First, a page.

Red alert, folks. I’m being a tidge pompous. I think I just may have solved one of the great conundrums of the ages. Nate had that whole Shroud of Turin thing . . . and I’ve been feeling the pressure to keep up with my little brother. This is my moment. I’m expecting National Geographic to call any minute.
The Problem: How to keep the bedspread from wadding up inside the duvet cover, combined with the added riddle of how to keep your sanity and your sanctification whilst inserting the bedspread into the duvet cover.
I’ve sewn more duvet covers over the years than I care to think about, and I’ve always had a love / hate thing going on there. The beauty of the duvet is that it’s washable, relatively cheap, easy to make yourself, and makes re-decorating a breeze. On the downside, the bedspread shuffles around inside the cover, eventually twisting itself into a giant lump of sin and evil that is impossible to solve without removing the entire thing and trying to re-insert it. It is at this point in the process that I, myself, become a giant lump of sin and evil . . . because there are few things in the world worse than crawling around on the floor trying to smoothly insert a bedspread into a duvet cover. “Claustrophobic” doesn’t even begin to describe it. At the end of the process I’m always a sweaty, angry, red-faced, static-haired stinker.
Way back in my early duvet sewing days, a lovely interior decorator friend gave me a hot tip. Sew ribbons into the inside corners of the duvet cover. Then you simply tie around the corners of the bedspread to hold it smoothly in place. Brilliant. So I did that for years. It was better than nothing, but I’ll tell you about the troubles I encountered with this method because I’m sure you’re dying to know all about it. First of all, if you tie it just to the very tip of the bedspread, it slips out. If you tie it to a biggish lump of the bedspread, then you have what looks like a tennis ball stuffed into the corners. If you tie a bow with ribbon, it unties. If you tie a knot – then you’re stuck untying a knot next time around. Also, ribbon frays – and no one wants to try to sew a tiny hem at the end of a ribbon. There’s always fray-check I suppose . . . but still. All in all, the system is not ideal.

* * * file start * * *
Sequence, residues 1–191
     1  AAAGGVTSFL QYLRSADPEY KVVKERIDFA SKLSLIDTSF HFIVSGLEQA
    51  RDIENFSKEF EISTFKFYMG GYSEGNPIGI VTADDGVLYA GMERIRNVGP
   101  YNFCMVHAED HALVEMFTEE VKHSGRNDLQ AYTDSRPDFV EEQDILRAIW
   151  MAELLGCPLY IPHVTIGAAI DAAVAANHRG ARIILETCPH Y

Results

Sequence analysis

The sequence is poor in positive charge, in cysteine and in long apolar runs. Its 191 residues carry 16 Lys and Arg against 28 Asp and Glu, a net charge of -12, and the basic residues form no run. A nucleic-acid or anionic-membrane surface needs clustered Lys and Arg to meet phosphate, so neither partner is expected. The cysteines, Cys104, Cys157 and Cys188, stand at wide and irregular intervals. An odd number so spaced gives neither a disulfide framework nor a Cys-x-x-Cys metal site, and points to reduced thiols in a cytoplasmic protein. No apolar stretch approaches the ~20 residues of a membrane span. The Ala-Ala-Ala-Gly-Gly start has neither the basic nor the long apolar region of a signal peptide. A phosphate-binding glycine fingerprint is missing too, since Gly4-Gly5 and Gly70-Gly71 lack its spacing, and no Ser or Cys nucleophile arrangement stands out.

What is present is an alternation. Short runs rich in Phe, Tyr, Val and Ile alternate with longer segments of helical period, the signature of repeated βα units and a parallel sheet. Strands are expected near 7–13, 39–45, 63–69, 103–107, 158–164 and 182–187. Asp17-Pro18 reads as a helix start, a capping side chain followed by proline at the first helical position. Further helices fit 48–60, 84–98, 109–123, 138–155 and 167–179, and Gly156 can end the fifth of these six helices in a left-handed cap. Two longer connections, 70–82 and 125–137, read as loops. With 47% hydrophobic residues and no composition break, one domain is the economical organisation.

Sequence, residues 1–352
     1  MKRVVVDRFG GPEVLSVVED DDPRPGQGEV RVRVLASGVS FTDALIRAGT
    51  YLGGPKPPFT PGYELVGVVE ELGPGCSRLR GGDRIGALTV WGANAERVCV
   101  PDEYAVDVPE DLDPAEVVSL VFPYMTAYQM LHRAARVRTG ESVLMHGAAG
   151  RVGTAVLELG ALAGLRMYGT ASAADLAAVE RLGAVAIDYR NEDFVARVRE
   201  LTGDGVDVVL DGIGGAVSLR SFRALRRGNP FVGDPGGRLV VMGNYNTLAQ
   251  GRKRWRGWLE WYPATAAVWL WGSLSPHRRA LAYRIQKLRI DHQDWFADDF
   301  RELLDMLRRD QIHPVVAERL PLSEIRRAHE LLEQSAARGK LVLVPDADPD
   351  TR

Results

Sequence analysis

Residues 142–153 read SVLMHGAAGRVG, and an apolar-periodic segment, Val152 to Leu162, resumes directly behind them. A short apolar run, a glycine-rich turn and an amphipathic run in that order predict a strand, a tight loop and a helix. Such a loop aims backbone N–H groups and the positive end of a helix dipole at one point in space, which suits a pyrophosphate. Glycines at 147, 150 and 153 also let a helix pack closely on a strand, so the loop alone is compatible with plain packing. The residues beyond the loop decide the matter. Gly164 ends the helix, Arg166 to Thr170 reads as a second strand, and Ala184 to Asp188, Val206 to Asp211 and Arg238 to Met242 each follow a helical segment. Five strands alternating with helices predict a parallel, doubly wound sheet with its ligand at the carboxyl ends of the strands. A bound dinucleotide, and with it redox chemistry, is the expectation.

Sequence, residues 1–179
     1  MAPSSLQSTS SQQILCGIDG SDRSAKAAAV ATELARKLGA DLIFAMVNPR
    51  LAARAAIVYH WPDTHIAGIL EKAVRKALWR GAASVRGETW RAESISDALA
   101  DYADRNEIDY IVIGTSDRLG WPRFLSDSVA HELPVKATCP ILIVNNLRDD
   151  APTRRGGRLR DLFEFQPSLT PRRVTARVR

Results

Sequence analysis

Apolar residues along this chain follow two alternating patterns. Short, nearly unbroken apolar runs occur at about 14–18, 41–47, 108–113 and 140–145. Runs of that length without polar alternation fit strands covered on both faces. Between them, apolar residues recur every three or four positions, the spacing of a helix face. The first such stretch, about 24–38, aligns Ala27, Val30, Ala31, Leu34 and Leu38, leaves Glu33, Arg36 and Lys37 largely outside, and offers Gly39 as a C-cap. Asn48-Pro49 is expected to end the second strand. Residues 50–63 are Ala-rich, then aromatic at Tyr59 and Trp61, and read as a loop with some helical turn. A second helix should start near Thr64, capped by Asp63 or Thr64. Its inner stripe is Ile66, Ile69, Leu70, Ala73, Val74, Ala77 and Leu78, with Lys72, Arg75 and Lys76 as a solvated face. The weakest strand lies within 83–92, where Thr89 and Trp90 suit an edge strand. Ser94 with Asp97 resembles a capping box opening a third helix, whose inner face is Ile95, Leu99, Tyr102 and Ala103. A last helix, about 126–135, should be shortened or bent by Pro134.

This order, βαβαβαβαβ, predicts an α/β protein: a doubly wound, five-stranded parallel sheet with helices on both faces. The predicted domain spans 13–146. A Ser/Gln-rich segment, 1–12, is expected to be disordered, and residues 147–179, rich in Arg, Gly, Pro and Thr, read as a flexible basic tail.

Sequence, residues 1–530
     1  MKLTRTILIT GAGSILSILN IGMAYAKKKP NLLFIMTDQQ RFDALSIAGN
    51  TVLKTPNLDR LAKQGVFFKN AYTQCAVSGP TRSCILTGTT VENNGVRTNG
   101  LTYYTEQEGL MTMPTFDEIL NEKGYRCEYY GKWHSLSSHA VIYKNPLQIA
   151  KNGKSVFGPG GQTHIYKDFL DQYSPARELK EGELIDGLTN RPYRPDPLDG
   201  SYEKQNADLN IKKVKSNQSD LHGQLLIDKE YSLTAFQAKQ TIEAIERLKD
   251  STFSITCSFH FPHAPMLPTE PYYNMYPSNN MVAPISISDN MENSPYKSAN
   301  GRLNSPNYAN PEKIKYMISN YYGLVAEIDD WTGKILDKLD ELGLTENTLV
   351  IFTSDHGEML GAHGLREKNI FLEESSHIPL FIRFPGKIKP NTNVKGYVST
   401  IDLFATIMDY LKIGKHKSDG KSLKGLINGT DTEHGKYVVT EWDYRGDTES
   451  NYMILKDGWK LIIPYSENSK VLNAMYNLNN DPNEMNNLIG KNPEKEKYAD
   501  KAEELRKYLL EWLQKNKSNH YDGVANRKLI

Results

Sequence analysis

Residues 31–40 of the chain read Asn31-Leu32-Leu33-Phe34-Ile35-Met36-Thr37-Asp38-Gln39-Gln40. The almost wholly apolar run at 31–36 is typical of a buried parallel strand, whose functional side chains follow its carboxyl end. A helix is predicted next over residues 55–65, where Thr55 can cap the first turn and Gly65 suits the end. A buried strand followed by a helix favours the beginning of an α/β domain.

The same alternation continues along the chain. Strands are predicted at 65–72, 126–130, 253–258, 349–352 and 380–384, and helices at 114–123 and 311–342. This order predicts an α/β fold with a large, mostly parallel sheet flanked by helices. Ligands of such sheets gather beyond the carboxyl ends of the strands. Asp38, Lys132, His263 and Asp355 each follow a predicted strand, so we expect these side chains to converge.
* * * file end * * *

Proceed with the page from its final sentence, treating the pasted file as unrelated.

Enter my amazingly awesome plan. It’s Spring Break this week, so I’m sewing new duvet covers, shams, etc. for my three girls. (Loads of fun incidentally . . . I let them unroll bolts of my fabric all over their room yesterday and they each got to pick out their own coordinating prints and we had a grand old time.) Anyhow, I think I have officially solved the duvet problem.
First, I placed a small metal eyelet in each corner of the bedspread. Then, instead of ribbons, I sewed shoelaces into the corners of the duvet cover.
Do you catch the subtle brilliance? First of all, the end is finished off, and won’t fray . . . even in the wash. Second, shoelaces are a much better texture for staying tied. After all, that’s their entire purpose in life. I’m sure there are whole armies of shoelace engineers somewhere, dedicating their lives to the question of optimal texture for tying performance. Or something like that.
You need two sets of shoelaces per duvet – and I trimmed them down to a length of 12″ which leaves enough room to comfortably tie it, but not have laces dangling out the opening. After the duvet cover was finished, I laid it (inside out) on the floor and placed the bedspread on top of it. Then we threaded the laces through the eyelets, tied them in a double bow, and then simply flipped the whole thing right side out. Not once did I have to stick my head inside or grope blindly around in the end, trying to find the corner. Totally amazing.
Now I’m off to sew two more duvets and five more shams. Also curtains – or possibly roman shades. Then lampshades. Finally, upholstered headboards. When it’s done I’ll post a picture, which should be sometime in 2014. Stay tuned.